In cross examination, she admitted that she had not asked the Defendant to vacate her premises but had asked him to leave after the 31 October 2018. She denied that the payment of rent for alternative accommodation by the Defendant was only for a period of two months although this was not in the written agreement. She denied that her sister had obstructed the work on site. She admitted that she had sent an email to the Defendant instructing him to disregard whatever her sister said with regard to the works.
 The Plaintiff’s sister, Jane Bonne aka Elsie testified that she lived with her sister and mother. She was aware that her sister had contracted with the Defendant for the extension of the family home. In February 2018 they all had to move out so that work could commence on the house. She stayed in Fairview for three months and moved back into the house in May 2018. It was a mess. Their personal belongings which were to have been moved into the store were still there. The corridor of the house had been dug up. There were five workers on site - two Bangladeshis and three Sri Lankans. They were not doing any work. Holes were dug outside the house. She asked the contractor about them and he said he would dig the trenches on the mother’s part of the house but not where Ms. Bonne was living. When she got home from work she saw that he had dug everywhere. This caused difficulties in terms of her access to her room.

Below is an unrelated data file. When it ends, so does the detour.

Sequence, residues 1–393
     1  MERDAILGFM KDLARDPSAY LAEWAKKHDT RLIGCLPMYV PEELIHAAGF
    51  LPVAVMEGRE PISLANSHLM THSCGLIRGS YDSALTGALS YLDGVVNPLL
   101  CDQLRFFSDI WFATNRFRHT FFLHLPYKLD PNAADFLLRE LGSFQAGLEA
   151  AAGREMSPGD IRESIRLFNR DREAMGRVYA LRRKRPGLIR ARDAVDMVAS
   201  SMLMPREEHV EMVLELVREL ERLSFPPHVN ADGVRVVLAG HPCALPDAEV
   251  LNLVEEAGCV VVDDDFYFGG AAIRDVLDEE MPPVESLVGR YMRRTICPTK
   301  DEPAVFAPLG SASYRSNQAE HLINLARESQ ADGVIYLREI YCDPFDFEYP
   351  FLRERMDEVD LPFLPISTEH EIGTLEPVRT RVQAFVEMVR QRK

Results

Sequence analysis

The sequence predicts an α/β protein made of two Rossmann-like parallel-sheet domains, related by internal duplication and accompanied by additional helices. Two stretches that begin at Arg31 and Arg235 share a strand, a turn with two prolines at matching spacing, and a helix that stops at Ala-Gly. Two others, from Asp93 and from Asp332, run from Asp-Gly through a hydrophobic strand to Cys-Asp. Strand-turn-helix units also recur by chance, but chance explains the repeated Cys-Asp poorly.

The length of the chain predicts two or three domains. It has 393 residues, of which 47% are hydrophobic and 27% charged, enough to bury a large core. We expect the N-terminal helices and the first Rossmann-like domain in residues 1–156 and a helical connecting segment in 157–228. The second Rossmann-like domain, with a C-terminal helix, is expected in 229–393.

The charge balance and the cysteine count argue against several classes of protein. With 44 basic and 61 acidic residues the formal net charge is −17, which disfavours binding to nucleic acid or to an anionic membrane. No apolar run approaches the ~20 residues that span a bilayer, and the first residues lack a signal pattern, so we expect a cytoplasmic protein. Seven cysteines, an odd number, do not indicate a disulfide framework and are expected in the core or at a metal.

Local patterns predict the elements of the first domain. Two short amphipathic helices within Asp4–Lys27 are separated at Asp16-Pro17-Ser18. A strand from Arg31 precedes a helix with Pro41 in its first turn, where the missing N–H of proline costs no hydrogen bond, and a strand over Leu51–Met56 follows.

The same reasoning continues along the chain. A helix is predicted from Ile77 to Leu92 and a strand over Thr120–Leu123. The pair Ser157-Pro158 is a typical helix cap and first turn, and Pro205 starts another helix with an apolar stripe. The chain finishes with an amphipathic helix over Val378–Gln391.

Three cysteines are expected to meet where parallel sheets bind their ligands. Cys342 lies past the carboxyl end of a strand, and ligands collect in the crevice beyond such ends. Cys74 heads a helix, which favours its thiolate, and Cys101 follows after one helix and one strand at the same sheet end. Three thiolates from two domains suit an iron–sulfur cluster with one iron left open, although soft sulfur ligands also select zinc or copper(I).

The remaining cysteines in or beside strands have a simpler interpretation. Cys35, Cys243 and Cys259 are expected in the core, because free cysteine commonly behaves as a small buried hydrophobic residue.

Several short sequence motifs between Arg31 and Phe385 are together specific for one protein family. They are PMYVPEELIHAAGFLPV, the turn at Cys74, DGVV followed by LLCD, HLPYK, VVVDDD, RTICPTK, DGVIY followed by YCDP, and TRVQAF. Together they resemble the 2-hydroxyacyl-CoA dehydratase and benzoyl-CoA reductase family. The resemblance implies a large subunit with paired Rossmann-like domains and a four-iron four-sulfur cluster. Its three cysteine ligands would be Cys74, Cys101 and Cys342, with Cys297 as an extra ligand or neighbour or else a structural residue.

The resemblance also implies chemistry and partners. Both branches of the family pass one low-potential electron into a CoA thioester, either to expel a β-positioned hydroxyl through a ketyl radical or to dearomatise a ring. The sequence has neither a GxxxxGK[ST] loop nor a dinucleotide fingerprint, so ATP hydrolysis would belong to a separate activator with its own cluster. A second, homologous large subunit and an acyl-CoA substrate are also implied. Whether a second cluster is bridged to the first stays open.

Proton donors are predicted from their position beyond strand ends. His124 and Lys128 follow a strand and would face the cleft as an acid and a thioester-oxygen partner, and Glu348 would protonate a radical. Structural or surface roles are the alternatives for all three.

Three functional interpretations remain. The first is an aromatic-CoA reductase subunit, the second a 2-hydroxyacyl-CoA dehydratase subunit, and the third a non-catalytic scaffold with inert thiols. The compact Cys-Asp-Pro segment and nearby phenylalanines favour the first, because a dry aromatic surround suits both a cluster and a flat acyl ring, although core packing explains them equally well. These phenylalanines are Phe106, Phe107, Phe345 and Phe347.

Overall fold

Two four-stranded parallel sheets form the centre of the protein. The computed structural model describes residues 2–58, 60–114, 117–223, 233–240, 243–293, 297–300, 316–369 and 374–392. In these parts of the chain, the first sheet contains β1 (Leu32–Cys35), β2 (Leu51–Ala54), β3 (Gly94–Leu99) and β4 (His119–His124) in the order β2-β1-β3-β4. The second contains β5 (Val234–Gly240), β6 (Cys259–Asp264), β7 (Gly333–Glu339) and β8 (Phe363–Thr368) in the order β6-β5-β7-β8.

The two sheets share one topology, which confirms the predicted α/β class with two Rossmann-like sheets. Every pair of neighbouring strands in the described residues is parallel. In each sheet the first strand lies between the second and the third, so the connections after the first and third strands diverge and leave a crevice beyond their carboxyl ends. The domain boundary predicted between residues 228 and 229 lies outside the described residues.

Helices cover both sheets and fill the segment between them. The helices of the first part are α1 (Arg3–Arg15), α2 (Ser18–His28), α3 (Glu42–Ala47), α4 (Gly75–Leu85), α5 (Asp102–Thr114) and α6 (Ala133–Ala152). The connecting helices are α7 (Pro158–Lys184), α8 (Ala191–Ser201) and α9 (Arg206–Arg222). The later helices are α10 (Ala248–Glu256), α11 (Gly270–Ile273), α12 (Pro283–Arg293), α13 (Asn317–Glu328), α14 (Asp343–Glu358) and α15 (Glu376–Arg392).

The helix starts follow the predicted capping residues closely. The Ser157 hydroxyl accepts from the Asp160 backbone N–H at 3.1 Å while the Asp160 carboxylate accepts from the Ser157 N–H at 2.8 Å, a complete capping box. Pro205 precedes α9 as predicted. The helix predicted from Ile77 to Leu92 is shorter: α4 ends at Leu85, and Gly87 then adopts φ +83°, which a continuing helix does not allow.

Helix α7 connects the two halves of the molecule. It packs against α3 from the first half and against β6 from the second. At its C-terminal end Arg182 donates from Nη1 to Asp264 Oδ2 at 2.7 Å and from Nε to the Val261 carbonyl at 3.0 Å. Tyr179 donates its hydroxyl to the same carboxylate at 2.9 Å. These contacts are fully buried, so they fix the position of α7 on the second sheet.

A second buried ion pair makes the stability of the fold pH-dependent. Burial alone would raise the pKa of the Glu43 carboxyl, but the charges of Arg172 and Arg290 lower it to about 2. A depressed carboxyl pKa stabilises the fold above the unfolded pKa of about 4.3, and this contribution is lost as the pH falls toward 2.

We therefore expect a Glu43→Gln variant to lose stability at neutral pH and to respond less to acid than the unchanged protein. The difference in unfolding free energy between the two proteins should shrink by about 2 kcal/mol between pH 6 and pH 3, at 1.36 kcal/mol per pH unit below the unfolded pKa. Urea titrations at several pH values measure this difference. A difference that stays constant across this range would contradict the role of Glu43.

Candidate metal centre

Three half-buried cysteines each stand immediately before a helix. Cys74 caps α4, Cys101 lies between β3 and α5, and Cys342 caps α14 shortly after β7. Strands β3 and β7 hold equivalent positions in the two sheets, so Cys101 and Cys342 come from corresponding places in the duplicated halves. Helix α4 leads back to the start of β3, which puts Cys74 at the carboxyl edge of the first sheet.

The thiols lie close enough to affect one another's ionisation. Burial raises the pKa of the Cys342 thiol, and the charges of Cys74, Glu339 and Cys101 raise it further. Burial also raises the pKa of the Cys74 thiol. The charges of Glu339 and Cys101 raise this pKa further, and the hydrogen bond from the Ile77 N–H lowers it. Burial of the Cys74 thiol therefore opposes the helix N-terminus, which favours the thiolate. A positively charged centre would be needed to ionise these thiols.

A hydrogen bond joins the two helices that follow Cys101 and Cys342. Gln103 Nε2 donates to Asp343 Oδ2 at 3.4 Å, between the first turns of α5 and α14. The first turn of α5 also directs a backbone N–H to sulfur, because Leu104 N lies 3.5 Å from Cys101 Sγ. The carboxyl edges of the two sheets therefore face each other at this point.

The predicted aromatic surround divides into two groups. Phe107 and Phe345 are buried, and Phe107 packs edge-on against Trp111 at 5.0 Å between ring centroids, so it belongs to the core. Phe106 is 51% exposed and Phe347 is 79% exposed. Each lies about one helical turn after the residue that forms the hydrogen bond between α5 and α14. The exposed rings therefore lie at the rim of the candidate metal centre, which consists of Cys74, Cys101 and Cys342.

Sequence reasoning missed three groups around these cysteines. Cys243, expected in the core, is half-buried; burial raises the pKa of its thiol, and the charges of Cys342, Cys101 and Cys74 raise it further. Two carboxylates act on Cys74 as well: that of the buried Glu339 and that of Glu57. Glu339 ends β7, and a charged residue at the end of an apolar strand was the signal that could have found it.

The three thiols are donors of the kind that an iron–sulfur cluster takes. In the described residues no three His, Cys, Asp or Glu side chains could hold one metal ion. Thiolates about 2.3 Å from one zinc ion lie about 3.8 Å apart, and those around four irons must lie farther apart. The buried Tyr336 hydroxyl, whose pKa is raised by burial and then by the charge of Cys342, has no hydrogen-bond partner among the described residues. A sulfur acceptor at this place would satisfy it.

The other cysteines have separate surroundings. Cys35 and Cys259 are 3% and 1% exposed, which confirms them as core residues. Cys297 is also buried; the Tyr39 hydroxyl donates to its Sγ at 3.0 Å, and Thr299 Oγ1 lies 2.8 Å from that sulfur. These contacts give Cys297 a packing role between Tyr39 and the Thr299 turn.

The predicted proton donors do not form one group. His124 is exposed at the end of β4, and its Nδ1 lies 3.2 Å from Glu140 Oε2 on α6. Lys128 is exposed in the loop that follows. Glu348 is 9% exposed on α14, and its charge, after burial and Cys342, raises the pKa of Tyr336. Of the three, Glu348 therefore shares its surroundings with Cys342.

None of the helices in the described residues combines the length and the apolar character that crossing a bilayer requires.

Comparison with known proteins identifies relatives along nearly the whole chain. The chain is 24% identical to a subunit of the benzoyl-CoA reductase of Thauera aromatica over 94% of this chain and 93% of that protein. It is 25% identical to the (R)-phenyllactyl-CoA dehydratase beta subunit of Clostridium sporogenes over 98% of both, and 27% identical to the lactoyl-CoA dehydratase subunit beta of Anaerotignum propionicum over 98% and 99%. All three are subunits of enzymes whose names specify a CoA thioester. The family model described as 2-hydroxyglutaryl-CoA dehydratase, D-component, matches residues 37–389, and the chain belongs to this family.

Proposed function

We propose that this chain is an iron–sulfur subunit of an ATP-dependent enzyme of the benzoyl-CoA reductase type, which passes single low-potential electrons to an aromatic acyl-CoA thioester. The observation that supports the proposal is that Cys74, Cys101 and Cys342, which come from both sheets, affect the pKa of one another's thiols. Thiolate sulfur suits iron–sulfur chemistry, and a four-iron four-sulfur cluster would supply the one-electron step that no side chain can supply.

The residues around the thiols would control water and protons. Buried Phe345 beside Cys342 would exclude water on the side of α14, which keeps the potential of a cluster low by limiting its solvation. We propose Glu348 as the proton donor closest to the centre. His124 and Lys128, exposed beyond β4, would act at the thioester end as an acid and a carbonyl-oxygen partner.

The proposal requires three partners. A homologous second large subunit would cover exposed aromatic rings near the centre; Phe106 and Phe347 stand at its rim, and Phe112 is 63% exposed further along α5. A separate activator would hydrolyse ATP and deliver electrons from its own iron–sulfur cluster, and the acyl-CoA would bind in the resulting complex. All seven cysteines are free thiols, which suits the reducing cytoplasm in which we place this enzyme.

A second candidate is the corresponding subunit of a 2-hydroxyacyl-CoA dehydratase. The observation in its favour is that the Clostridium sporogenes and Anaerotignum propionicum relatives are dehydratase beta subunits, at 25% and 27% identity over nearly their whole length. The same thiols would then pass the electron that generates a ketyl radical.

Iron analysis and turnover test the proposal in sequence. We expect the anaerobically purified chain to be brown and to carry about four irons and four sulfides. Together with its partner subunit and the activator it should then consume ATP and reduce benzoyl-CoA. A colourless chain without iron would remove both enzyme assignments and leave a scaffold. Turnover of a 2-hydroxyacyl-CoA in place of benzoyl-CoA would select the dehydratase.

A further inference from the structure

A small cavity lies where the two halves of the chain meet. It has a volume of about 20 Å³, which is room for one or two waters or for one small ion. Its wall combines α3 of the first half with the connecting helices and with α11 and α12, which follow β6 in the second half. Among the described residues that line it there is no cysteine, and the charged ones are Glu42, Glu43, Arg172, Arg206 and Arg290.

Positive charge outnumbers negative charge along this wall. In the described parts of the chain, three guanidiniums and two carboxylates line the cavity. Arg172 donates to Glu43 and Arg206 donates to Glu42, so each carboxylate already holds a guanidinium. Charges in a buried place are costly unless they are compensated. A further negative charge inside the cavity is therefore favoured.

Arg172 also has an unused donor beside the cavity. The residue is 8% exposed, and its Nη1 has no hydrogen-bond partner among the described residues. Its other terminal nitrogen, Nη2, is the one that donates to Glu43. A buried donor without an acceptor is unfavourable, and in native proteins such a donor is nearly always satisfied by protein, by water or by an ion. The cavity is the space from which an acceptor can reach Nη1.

She took photographs in June 2018 which showed the mess around the house and in the house and the exposed steel in some of the house. The foundations of the house were exposed and their personal belongings were strewn around the house and not securely kept in a store as had been promised.